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Can automation protect your business?


Can automation protect your business?

Expensive but with the potential for huge efficiencies, pharmacy automation could be the answer for an independent pharmacy trying to keep up with dispensing. Carolyn Scott reports…


A ‘digital future,’ with technology bringing efficiencies to medicines supply and dispensing, has been a target for the Department of Health for some time. “The future is clinical, underpinned with efficient use of technology,” the chief pharmaceutical officer Keith Ridge has predicted.

How should the UK independent pharmacy sector respond? Despite a period of financial drought, are there sufficient business benefits for more pharmacy owners to look seriously at automation? Is automation too expensive and too complex for pharmacy teams without an IT qualification to manage? Here are the key factors for pharmacy owners to consider.


Need for tech solutions

“Robots are really simple. You don’t have to be too IT-savvy,” reassures pharmacist Pete Thnoia, owner of the cutting edge Rose Street Pharmacy, based in a medical centre in Wokingham.

The pharmacy has had a large BD Rowa robot in place since opening in 2014 when several local GP surgeries merged.

“We are a 100-hour pharmacy that started from zero five years ago, and now doing up to 20,000 items. You know how people say that patients are loyal to their pharmacy – patients weren’t loyal at all. It was pretty shocking, actually, how quickly they left to join us. Loyalty is not what it used to be. The generation that are coming through now: they won’t think twice about ordering online and getting medicines delivered to their house.”

Automation can have significant benefits for the pharmacy team, he says. “I feel that safety levels are now so high, that as a pharmacist you can hand things over to somebody and not feel that you are putting too much pressure on them. With robots you don’t have such a churn of staff, because staff are enjoying their day more. Pharmacy is hard; automation makes things a lot calmer and less stressed.”

Mr Thnoia would recommend a robot to others, if they can afford the additional investment. Automation is now more affordable, he suggests, with costs of the units and maintenance costs having come down in recent years, but contractors should, of course, do sufficient due diligence before taking the leap.

“Once you get up to, say, 12,000 items then I’d say you should ideally have automation, because it frees you up to do other things. You build safety into your process, and you also get an uplift because people do want to come to you.”

While this may not be viable for everyone, he sees signs that contractors are considering automation to manage high dispensing workload with reduced government funding.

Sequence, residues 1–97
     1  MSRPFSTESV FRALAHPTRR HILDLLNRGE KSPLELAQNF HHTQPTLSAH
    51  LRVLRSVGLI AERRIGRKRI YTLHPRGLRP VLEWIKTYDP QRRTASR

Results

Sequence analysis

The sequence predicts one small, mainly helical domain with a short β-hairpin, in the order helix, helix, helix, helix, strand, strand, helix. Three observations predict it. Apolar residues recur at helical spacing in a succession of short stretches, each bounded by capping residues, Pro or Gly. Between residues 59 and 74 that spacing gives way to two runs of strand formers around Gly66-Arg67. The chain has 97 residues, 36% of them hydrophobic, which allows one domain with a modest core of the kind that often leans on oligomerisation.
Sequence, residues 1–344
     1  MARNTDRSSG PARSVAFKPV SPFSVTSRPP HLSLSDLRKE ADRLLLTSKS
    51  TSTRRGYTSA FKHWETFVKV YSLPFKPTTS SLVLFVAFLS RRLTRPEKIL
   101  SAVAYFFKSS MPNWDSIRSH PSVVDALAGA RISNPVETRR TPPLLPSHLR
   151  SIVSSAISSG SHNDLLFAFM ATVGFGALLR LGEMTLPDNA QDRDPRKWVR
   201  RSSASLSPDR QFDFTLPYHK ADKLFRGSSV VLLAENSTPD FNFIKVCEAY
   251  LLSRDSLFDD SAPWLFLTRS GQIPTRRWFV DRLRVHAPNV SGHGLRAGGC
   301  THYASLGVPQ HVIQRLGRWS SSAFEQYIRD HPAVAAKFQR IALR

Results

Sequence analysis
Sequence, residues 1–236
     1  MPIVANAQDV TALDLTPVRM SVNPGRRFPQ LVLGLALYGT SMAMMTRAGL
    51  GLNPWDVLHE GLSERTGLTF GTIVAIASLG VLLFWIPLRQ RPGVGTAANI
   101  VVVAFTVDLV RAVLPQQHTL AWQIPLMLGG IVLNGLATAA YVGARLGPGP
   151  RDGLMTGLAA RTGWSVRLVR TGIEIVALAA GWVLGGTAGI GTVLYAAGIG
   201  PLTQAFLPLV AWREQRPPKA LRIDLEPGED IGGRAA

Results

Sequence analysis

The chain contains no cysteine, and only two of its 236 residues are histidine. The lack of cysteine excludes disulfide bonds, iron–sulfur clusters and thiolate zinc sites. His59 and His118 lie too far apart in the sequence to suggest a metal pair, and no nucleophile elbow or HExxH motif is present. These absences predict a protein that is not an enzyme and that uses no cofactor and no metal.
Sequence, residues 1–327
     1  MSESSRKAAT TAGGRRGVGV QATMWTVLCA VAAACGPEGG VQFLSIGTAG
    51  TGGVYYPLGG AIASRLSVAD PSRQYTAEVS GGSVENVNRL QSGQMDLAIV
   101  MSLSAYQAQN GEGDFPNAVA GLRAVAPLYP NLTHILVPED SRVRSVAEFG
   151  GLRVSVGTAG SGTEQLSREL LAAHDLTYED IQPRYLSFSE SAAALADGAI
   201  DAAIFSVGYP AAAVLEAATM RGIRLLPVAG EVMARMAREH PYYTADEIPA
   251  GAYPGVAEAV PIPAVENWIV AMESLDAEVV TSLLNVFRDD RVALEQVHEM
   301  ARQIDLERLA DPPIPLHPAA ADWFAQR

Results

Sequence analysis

“I think that a number of people who’ve been in the game long enough are now looking at work-life balance for them and their team,” he suggests.

“Quite a few of the pharmacy owners I spoke to at the Pharmacy Show this year said they just want to change the way they work. A lot of them have still got 10 to 15 years left in pharmacy and perhaps they wouldn’t mind taking a couple of years of less income while they pay for the robot. We just can’t keep doing things in the same way.”


Workflow wins

Installing a robot is the perfect opportunity to solve long-running workflow problems and to optimise dispensing efficiency, says Keith Anderson of refit specialists Anderson Retail Consultants.

“Introducing automation into a dispensary can result in a much calmer, better organised and more profitable pharmacy, but the full benefits are only realised by fully integrating the robot into a functional and efficient dispensary design,” he says.

But the opportunity to save time in dispensing can be reduced if the planning is not done correctly. “Many pharmacists purchase a robot, install it at the rear of their existing dispensary and expect a miracle improvement in workflow and efficiency. However, picking from a robot chute is only marginally quicker than picking from traditional shelving if the distances walked are the same, and there will be no great improvement in workflow and efficiency if the whole dispensing process is not also reviewed.”

Even when a full refit is not involved, advice from an expert who understands pharmacy workflow is a benefit, he suggests: “Where a refit is not planned, this can often be achieved by moving around and adding to the existing dispensary furniture, but employing a professional pharmacy designer with proven experience in automation is definitely advisable.”


Working with pharmacy

Mark Roylance, senior key account manager for BD Dispensing Retail UKI, says that advances in automation technology are being progressed rapidly to offer even further integration with pharmacy processes.